By Lisa Autz
Photo courtesy of Chorus Photography.
There are locations within the United States where nine-year-olds have never seen a fresh strawberry or grape. Such children are a percentage of the estimated 23.5 million people living in the US without ready access to fresh, healthy food.
Also known as “food desert tracts,” the United States Department of Agriculture (USDA) identified 6,500 of these deprived regions throughout the country.
“It’s like you’re struggling to find water in an actual desert,” remarks Mari Gallagher, founding president for The National Center for Public Research and owner of Mari Gallagher Research & Consulting Group, in her TEDx speech on Food Deserts.
Such a shocking parallel of survival gives these precise locations the analogy of living in an uninhabitable environment. These communities–where at least 33 percent of the population lives more than a mile away from a grocery store or supermarket–experience higher percentages of obesity, diabetes, and heart disease, according to the USDA. Research by the Journal of School Health suggests that children living without the sustenance of fresh produce execute worse academic performance.
The town of Chester, PA, is one of these food-deserted communities. It hasn’t had a local grocery since 2001. After its last supermarket, Bottom Dollar Food, shut down over a decade ago, the residents of Chester began relying on the local Philadelphia food bank, Philabundance.
As the demand grew greater than donations supplied, Philabundance’s executive director Bill Clark realized a new creative business idea was needed. Thus, Fare & Square, America’s first nonprofit supermarket was born.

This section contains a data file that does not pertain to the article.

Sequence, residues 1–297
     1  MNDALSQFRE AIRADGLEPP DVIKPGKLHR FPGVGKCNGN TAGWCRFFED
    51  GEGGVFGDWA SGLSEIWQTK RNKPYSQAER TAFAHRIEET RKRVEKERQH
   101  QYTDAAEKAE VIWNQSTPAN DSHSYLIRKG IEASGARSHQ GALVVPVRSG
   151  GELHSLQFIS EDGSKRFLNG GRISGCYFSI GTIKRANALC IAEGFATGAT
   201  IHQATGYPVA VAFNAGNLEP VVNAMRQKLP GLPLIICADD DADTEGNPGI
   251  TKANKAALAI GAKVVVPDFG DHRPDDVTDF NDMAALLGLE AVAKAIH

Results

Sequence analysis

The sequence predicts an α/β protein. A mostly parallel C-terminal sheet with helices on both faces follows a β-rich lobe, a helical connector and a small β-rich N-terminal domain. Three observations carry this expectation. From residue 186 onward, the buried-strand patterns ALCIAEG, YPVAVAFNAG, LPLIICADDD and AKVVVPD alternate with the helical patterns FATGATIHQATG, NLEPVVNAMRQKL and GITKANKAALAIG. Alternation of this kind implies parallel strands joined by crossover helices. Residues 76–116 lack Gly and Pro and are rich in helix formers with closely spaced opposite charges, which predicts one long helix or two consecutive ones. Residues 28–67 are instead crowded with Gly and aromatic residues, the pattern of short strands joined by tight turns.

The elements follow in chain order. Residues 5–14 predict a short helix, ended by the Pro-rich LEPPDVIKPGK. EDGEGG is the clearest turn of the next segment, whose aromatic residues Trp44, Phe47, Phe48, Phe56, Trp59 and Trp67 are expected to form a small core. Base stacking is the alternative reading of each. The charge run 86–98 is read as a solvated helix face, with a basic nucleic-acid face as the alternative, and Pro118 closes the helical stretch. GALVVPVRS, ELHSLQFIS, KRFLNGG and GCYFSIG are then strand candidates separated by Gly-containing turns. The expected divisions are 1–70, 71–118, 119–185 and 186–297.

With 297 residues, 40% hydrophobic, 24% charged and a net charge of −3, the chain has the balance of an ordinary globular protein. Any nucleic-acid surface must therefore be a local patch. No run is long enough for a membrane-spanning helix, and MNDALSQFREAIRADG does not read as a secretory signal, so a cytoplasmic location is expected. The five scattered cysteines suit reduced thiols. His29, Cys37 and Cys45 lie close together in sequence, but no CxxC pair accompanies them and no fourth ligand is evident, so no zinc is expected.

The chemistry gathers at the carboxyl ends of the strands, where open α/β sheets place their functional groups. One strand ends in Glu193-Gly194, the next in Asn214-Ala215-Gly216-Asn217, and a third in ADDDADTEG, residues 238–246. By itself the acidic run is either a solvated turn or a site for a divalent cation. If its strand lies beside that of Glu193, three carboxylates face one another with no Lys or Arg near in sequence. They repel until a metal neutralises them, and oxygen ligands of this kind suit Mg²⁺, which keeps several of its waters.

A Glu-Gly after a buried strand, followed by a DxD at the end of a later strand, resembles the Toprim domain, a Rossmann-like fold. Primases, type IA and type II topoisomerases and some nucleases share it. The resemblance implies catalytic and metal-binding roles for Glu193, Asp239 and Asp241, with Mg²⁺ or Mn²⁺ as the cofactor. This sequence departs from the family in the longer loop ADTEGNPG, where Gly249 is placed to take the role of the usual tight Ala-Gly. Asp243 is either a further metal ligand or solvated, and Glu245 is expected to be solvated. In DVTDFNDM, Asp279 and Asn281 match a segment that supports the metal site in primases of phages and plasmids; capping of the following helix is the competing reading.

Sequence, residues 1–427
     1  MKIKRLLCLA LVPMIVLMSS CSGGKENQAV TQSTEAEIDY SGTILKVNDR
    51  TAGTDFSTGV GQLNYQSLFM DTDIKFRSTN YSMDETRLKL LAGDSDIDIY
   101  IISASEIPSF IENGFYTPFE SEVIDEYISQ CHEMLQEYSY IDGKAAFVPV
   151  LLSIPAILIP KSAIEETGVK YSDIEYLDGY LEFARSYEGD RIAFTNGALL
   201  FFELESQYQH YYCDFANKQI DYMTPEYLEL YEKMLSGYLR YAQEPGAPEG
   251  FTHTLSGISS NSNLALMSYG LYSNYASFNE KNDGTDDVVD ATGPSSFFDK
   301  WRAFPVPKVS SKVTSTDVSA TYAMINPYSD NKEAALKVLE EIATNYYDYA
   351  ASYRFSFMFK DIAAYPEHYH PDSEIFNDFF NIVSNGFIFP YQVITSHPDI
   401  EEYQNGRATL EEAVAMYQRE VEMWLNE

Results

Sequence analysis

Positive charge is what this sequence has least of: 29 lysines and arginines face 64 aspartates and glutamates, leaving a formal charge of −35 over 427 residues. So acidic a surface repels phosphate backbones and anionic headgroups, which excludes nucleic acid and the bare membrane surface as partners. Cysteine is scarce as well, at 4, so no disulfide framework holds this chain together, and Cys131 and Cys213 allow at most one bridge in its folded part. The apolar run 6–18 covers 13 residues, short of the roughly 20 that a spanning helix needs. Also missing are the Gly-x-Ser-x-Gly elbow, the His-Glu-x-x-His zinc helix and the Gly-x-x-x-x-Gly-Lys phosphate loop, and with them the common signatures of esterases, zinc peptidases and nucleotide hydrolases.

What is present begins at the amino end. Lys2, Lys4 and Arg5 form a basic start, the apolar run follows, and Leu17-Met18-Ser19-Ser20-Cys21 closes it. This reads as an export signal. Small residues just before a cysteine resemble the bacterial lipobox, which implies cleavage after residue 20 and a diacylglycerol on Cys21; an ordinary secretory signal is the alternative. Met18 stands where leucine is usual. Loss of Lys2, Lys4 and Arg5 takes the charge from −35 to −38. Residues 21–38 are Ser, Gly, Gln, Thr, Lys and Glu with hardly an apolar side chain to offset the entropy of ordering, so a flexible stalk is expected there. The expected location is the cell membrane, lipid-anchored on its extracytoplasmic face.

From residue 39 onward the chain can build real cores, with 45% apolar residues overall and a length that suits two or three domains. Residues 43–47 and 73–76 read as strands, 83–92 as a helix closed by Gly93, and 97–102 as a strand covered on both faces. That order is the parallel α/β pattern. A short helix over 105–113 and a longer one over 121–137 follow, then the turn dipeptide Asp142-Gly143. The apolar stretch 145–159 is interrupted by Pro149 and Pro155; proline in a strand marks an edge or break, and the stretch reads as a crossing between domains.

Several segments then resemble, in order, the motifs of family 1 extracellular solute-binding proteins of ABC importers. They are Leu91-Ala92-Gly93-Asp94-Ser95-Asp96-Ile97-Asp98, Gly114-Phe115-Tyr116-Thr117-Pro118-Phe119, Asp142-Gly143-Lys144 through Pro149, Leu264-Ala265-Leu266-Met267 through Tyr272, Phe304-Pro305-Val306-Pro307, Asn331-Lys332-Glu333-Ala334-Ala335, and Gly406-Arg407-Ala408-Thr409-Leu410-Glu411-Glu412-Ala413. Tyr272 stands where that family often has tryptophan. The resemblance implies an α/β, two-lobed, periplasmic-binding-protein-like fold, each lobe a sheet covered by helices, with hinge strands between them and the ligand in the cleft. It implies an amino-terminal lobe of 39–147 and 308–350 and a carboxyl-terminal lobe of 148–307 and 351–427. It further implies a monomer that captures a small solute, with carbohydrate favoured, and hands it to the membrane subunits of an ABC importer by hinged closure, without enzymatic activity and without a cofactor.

Fare & Square modeled its supply sources around the use of food from Philabundance and obtained philanthropic donations. The nonprofit supermarket provides over 30,000 residents with healthy, fresh food at affordable rates.
Just 15 miles south of Philadelphia, about 30 percent Chester’s residents live below the poverty line with an average household income of $27,546. In 2012, households spent an average of $7,739 on food, according to the Labor Statistics Consumer Expenditure Survey–meaning that they spent more than 30 percent of their salary on sustenance.
However, by cutting a roughly 10 percent off prices (in comparison to traditional grocers) to meet the needs of its customers, the store faced times of struggle in maintaining a sustainable model.
Interim Executive Director of Philabundance, Mark Bender, spoke with BTR about how the nonprofit business model came about and its greatest obstacles in surviving for the long haul.
“With the food supply chain fundamentally changing, the methods used to meet the needs of food insecure people must evolve beyond food banks and soup kitchens,” says Bender. “Fare & Square is an innovative model to address food insecurity in a place of extremely high need but with any new venture, there is an initial period of learning, and we’re still in ‘Fare & Square 1.0.’”
Bender elaborates on the severity of the area’s “extremely high need.” Chester is just one of 35 food deserts clustered in Philabendance’s nine county service areas.
In a survey by Philabundance, 44.5 percent of the residents are food insecure, Almost half of families must travel more than 2.7 miles for fresh groceries, according to Bender.